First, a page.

I’ve had cancer for over a decade. While there has been many roller coasters along the way, the first few weeks after a diagnosis were the most stressful and mentally draining. Through my cancer journey, like my business career, having role models and mentors were critical. I had many people look out for me and so I believe in doing the same. While I never wanted to be “Caryn with Cancer,” if my stories and learnings can help someone else find a little ease with this disease, then I want to share them all. When it comes to the initial diagnosis, unfortunately you can’t bury your head in the sand for long. You have to make several decisions in a short amount of time. Below are some tips that worked for me when it came to handling those first few weeks.
I contribute regularly to WTNH-TV sharing wellness thoughts and information. This October they share my story and some ideas on how to make an initial cancer diagnosis easier.
Tips for A Recently Diagnosed Cancer Patient
Don’t Do Extensive Research on the Internet About Your Diagnosis – Get Second & Third Opinions Instead
Unless you’re a doctor or medical practitioner that specializes in cancer treatment, skimming the internet will likely bring more anxiety than calming nerves. If you crave that information right away, ask a friend to do the research focusing on learning about the latest medical treatments for your type of cancer (drugs, surgeries, chemotherapy, radiation and other modalities). Don’t search out statistics; look to find anecdotal success stories.
Get Second & Third Opinions
I can’t stress this enough. I know it’s exhausting and overwhelming. Plus, you want to have faith in your first doc because you often trust them for navigating you through the initial diagnosis. However, getting more opinions provides opportunities to digest all the new information with professionals trained to discuss it. Sometimes doctors don’t agree, which is why having several physicians explain the data and recommendations can be incredibly useful. Each appointment is an opportunity to ask more questions in order to feel good about your treatment plan.
Find an Appointment Buddy
Don’t go to appointments alone. Choose someone who will join you every time. The first several weeks are tiresome, confusing, scary, and nauseating. That is why having a close friend or family member take notes at appointments is incredibly necessary. They can help you discuss potential treatment plans and provide questions to ask the doctors when you are feeling crazed.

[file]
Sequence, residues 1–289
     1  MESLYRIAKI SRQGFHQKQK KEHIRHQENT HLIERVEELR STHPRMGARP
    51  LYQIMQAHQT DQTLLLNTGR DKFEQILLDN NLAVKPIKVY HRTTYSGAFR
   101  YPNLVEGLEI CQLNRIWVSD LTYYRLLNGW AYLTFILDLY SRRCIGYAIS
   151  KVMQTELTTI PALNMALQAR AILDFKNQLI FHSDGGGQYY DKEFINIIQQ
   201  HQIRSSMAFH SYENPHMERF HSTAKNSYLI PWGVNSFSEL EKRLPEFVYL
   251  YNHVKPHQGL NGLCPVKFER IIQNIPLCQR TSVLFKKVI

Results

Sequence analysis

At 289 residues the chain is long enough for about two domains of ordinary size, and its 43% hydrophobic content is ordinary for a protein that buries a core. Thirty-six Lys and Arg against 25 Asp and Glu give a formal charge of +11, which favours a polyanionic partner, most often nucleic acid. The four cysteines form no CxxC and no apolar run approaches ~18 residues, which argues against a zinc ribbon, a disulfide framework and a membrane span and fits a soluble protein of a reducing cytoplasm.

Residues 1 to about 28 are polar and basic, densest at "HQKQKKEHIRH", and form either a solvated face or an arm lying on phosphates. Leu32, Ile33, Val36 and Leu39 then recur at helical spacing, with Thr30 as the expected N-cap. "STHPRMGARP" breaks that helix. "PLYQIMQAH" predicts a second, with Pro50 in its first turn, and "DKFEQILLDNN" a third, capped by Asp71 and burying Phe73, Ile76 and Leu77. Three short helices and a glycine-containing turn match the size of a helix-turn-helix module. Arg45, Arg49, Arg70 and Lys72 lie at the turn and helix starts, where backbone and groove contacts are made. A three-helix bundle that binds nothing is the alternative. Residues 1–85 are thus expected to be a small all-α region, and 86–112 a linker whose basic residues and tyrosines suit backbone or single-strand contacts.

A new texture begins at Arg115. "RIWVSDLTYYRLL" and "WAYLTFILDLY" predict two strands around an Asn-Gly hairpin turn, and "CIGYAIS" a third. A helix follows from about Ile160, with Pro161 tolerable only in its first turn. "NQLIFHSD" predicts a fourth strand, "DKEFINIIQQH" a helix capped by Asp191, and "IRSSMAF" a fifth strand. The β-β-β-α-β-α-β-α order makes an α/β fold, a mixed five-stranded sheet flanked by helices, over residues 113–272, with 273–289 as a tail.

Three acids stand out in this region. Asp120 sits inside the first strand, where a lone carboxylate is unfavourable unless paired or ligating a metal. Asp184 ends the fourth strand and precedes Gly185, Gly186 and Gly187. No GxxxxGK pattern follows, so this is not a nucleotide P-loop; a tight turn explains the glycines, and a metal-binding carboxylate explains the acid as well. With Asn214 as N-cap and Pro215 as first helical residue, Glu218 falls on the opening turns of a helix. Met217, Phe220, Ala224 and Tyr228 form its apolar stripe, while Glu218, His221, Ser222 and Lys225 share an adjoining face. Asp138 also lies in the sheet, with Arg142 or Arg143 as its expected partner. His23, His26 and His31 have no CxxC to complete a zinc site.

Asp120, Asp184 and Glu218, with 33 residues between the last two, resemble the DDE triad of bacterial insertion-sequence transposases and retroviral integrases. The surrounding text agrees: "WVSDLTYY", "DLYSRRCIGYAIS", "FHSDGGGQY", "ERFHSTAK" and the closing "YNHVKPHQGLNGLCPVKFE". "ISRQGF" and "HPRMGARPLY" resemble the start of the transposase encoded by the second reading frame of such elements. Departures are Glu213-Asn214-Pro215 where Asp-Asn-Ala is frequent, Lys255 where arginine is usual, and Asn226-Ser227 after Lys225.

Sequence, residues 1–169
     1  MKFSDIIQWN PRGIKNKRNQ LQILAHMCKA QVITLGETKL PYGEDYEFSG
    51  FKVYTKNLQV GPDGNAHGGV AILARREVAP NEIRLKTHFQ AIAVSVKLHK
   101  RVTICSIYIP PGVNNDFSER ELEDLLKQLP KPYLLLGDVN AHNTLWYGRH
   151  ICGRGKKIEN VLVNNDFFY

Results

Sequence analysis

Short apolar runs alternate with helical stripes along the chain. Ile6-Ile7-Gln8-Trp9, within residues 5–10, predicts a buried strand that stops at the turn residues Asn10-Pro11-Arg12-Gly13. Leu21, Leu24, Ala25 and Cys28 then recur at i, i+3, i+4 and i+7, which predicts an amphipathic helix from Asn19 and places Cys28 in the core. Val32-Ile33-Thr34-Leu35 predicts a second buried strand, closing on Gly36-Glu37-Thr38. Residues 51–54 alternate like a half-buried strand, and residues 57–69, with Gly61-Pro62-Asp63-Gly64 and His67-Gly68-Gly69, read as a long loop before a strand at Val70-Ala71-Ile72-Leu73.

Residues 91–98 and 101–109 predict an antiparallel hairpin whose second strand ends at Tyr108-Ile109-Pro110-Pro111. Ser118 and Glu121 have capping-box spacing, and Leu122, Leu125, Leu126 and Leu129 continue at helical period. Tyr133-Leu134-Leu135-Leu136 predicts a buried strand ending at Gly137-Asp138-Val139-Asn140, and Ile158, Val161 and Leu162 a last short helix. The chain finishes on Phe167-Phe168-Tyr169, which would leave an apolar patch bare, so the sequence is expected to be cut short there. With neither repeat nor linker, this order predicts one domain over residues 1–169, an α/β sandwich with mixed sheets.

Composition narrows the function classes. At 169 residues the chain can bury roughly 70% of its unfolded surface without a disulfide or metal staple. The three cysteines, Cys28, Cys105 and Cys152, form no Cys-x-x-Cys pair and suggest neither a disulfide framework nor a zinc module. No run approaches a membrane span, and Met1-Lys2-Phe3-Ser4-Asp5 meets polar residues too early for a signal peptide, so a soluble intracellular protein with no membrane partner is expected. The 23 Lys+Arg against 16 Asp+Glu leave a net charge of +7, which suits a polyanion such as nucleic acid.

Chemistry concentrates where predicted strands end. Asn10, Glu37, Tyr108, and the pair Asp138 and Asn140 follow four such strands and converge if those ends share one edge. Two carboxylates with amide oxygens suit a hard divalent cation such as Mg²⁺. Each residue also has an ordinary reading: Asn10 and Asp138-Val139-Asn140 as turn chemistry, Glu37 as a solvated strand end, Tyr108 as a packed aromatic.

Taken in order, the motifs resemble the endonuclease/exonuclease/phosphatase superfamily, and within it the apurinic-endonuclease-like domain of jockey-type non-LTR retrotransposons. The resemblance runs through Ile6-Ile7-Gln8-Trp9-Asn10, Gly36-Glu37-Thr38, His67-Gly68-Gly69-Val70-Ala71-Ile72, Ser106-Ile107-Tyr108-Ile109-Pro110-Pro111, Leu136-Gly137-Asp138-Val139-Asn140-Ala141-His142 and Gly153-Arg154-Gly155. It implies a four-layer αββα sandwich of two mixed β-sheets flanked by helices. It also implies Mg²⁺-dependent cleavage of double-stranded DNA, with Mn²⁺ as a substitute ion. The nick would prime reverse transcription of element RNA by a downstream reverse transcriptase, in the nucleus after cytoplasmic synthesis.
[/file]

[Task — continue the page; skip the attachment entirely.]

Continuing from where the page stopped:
Organize A Medical Binder
Gather all relevant doctor’s appointment reports and scans and put in a binder. Contact the medical records department where you had your scans and procedures. Ask them for two (2) copies on CD of each scan with the reports and any other procedure reports (i.e. biopsy). You will need all this information to share with doctors for second and third opinions. Plus, it will be handy if you find someone in the medical or natural field who wants to help you on your journey in the future. If your hospital has an electronic data system (like Epic,) sign up for it. You will have easy access to your medical history, reports and correspondences.
Create Your Own Inner Circle and Network Within It
The first few weeks, I didn’t want anyone to know that I had cancer. In addition to being upset and scared, I didn’t have the time to explain to others what I was thinking, feeling and going to do. Thanks to a small group of family and friends, my inner-circle did it for me once I was ready to share the news.
The good news about people learning you are sick is that they often want to be there for you. Help comes in many forms: homemade dinners, rides to appointments, feel-good gestures, creative care packages and practical resources. Your friends and extended family members may know others in the medical or natural field that can provide useful information and advice when you’re trying to make decisions on treatment. I know it sounds silly to network about your cancer, but isn’t your life worth it?
Ask for Help
Your friends and family often feel helpless because they don’t know what it is like to be in your shoes. Delegate opportunities for them to help because it makes your life easier, which is what they want. Some ideas include researching doctor and hospital program information, cleaning laundry, scheduling meal deliveries, and babysitting kids, to name a few.
Because I’m silly, before my first set of scans post stage IV diagnosis, I asked my inner circle to help me laugh. Within hours, my best friends across the country joined me, my son and my niece in a Night-Before-My-Scan-Results Dance Party. Our theme song was PitBull’s “Feel the Moment” and I watched seven videos of them dancing in their kitchens, high-powered offices and cars.
For more information on navigating through the initial stage after a cancer diagnosis, see the resources below:
√ Questions to Ask Your Doctor About Cancer Treatment – Cancer.gov
√ Counseling. Support Groups. Education. Financial Assistance – CancerCare.org
√ Investigating integrative care or natural healing – Naturopathic.org
For speaking engagements, check out my business website and demo reel at CarynSullivan.com. I can be reached at Caryn@CarynSullivan.com.
Favorite Books Upon Diagnosis